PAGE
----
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Jennifer Hunter, Ph.D. Associate Extension Professor Family Financial Management (859) 257-3290 jhunter@uky.edu

AUGUST 2016

AUGUST 2017

THIS MONTH’S TOPIC:

LIVING ON A RETIREMENT BUDGET

Are you considering retirement? Years of hard work have paid off and now is your time to enjoy the fruits of your labor. While it may be tempting to plan an exotic vacation, buy your dream car, or spoil your grandchildren with an endless stream of gifts, it is important to be mindful of your retirement budget. Doing so will ensure that you are able to meet all of your retirement goals without worrying about money later on in your retirement. Below are some things to keep in mind when planning your retirement budget: • Start early. Don’t wait until you have officially retired to start thinking about your retirement budget. Ideally, you should begin planning your budget as soon as you have a retirement date in mind. One of the easiest ways to get into financial trouble during your retirement is to overspend during your first few years of retirement with the thought that you will be able to correct your spending later on.

• Basic living expenses. Your mortgage and other outstanding debts such as student loan debt have most likely been paid off by the time you retire. However, there are many expenses that remain. When you are establishing your budget, plan for utilities, grocery bills, and other routine expenses unique to your household. You will also need to include other expenses such as insurance premiums and property  


taxes. The easiest way to include all of your living expenses in your budget is to track your monthly expenses for a few months before writing your budget so that you are aware of where and how you are spending money. Remember to include even the smallest of expenses in your budget!

• Health care costs. Retirement is the time in your life when you will most likely use health care services the most. It is a good idea to familiarize yourself with your insurance policy to determine deductibles, out-of-pocket costs, and other expenses that you may encounter. Be sure that you have set aside money in your budget to cover these costs. • Unexpected expenses. Unfortunately, unexpected expenses will follow you well into your retirement. It is a good idea to set aside a portion of money in your retirement budget to deal with costly home, auto, and other miscellaneous repairs. • Recreational costs. Retirement is your time to do what you want, when you want. Budgeting for recreational costs including vacations, tickets to concerts and shows, and memberships to recreational clubs is critical to guaranteeing that you will be able to enjoy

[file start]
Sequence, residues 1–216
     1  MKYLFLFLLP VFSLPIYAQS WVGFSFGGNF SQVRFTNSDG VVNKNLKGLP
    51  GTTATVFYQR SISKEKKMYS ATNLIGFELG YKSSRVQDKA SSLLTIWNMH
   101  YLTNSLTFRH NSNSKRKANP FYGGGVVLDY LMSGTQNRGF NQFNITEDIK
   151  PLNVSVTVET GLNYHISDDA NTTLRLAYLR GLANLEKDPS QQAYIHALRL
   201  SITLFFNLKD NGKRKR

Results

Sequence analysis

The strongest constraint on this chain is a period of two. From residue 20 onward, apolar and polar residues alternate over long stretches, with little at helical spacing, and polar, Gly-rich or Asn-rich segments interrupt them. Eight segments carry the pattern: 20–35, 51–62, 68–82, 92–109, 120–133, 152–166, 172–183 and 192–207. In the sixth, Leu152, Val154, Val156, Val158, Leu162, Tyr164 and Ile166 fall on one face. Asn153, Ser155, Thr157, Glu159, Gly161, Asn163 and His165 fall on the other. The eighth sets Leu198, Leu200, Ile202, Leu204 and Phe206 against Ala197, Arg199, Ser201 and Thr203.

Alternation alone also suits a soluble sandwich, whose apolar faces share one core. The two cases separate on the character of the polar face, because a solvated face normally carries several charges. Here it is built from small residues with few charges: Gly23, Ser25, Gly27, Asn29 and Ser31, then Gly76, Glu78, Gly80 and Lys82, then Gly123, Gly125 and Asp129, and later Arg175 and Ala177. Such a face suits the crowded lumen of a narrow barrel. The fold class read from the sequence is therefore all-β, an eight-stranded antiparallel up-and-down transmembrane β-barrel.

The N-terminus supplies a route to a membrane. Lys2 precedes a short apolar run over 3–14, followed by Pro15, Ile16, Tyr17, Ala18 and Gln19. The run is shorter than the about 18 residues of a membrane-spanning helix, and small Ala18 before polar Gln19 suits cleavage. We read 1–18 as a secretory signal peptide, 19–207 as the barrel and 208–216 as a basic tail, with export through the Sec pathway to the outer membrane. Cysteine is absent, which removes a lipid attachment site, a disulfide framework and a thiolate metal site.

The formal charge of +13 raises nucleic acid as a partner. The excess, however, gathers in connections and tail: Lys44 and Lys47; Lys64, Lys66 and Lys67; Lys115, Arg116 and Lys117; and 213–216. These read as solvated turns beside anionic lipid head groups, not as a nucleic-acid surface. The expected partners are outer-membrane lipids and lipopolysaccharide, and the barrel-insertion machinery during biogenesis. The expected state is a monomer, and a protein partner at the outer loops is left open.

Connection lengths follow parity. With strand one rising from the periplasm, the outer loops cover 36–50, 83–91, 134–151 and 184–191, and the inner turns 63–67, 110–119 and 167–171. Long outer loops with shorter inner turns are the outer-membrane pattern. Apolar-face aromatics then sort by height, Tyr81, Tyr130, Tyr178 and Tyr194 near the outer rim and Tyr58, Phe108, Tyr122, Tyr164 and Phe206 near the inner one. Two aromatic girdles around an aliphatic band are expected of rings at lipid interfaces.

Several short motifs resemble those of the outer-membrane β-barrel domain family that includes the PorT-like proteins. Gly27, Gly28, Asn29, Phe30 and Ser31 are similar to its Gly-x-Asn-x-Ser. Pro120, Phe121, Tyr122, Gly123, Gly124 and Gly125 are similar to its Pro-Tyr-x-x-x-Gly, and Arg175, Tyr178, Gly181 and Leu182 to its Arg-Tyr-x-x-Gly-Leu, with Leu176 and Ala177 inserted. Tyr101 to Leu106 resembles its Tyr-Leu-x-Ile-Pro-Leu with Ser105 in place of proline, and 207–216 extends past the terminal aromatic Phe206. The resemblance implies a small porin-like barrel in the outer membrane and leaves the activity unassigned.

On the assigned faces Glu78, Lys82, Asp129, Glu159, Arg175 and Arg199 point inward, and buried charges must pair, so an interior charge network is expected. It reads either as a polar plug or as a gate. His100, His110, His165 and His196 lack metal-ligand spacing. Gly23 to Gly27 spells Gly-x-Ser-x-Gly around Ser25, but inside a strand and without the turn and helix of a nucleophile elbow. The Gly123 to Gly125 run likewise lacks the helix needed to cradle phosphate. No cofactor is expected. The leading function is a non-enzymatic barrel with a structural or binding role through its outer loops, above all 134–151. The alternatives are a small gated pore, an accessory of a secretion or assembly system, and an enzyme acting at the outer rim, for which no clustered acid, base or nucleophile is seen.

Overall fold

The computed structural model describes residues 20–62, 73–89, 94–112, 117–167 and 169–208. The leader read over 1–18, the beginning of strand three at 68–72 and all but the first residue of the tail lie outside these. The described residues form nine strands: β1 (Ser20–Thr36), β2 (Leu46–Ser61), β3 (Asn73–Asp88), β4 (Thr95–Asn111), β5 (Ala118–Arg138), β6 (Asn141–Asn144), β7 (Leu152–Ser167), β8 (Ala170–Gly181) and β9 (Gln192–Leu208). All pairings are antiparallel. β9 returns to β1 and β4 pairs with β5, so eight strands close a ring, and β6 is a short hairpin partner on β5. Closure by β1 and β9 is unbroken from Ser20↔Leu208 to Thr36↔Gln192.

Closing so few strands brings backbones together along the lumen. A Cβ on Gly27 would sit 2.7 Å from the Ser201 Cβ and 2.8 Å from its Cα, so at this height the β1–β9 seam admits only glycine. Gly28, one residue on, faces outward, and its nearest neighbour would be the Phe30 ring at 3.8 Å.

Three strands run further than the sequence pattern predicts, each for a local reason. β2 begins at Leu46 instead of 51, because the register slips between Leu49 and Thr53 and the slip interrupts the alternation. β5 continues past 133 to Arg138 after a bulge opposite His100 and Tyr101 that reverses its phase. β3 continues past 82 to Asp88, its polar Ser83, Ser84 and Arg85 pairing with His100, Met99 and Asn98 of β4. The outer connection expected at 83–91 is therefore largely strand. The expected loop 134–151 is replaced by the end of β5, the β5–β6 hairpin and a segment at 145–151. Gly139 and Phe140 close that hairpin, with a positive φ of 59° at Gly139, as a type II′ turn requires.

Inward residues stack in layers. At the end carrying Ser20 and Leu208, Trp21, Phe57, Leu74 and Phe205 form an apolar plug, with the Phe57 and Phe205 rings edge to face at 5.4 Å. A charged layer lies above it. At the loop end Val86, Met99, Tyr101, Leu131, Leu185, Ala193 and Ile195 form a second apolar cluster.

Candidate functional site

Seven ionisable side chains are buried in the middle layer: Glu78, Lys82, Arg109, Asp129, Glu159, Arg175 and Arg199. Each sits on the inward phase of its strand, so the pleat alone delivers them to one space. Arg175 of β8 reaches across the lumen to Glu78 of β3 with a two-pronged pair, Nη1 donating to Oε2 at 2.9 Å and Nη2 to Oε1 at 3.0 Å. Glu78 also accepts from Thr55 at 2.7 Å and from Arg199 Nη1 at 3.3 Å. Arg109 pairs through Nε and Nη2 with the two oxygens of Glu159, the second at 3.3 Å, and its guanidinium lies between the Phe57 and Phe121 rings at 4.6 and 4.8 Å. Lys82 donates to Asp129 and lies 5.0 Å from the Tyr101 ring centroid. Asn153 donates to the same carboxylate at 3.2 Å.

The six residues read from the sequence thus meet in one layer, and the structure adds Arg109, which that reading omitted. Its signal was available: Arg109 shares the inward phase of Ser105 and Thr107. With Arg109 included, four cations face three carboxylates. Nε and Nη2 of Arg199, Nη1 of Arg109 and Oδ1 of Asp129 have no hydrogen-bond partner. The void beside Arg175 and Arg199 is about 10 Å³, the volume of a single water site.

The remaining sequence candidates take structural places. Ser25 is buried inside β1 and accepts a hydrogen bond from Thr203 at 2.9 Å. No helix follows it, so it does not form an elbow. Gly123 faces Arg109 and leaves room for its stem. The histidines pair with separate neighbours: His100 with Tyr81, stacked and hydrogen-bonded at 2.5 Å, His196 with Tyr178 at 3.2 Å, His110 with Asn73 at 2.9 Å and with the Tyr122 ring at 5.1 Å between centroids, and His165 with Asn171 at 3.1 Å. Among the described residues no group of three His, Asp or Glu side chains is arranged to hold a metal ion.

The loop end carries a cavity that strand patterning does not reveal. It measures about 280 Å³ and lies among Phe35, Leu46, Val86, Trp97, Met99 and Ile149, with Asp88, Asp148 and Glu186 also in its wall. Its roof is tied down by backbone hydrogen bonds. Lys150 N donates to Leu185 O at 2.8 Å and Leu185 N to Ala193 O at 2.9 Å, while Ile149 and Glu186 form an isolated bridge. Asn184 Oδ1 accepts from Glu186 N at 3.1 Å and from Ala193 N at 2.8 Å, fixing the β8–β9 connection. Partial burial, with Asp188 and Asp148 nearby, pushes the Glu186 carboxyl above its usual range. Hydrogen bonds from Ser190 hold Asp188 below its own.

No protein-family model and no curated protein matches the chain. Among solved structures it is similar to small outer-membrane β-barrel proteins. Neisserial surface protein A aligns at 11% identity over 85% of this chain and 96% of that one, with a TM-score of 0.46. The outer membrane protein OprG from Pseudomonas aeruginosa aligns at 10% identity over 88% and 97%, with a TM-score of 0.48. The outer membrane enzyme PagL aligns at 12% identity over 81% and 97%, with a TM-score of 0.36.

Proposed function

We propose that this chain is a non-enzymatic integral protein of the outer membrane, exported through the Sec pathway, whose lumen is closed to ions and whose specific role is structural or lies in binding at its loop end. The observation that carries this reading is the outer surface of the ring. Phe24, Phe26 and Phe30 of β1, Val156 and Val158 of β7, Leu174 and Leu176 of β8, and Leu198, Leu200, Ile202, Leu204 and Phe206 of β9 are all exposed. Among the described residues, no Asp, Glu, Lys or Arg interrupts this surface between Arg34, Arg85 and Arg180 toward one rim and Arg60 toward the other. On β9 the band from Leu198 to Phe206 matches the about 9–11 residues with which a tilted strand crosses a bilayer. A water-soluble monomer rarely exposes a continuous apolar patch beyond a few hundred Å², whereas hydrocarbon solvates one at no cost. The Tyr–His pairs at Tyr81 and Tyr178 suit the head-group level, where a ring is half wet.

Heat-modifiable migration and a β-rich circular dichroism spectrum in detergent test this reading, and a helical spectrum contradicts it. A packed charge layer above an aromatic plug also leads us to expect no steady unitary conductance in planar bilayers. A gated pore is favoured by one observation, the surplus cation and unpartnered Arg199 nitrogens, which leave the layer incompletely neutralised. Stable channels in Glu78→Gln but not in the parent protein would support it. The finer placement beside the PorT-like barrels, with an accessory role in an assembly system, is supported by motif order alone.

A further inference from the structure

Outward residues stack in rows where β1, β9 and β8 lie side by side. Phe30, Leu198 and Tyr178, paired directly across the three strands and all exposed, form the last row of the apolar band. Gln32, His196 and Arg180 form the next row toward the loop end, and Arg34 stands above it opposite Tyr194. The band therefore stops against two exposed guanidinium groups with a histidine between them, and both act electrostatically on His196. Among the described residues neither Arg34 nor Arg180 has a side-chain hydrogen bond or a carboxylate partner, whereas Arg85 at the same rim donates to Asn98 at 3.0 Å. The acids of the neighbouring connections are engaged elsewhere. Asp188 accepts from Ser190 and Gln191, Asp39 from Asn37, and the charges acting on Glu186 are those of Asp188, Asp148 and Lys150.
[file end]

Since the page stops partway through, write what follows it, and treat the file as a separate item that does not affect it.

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retirement without worrying about your financial status. Also, if you are volunteer minded, be on the lookout for volunteer opportunities in your community. Volunteering is a great way to take in shows, sporting events, and other great local activities without having to spend a dime.

• Make your retirement a team effort. Include your family in the budgeting process. While it is not necessary to share details of your budget, it is a good idea to explain to your children and grandchildren that you are living on a fixed budget each month. This conversation is a great way to foster support for your retirement spending. Whether you are retired or planning to retire, budgeting will help you make the most of your money. Living on a budget requires discipline but is well worth it! Kristyn Jackson, LMFT, Ph.D. Candidate, Department of Family Sciences, University of Kentucky Jennifer Hunter, Ph.D., Associate Extension Professor Family Financial Management, University of Kentucky Cooperative Extension Service, (859) 257-3290; jhunter@uky.edu Stock images: 123RF.com

Living on a Retirement Budget  

Are you considering retirement? Years of hard work have paid off and now is your time to enjoy the fruits of your labor. While it may be tem...